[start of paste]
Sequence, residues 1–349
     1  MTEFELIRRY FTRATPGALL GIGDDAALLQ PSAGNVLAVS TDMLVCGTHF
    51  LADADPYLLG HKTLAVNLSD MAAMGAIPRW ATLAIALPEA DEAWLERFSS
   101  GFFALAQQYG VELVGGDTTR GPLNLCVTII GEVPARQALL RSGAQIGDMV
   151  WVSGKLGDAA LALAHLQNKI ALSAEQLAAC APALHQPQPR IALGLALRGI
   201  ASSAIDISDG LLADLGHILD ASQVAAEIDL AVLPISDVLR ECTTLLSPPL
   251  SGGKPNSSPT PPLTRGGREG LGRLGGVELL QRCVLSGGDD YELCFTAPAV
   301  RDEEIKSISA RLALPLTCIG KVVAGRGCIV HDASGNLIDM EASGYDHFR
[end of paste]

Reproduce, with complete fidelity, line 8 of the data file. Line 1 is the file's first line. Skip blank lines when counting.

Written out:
   301  RDEEIKSISA RLALPLTCIG KVVAGRGCIV HDASGNLIDM EASGYDHFR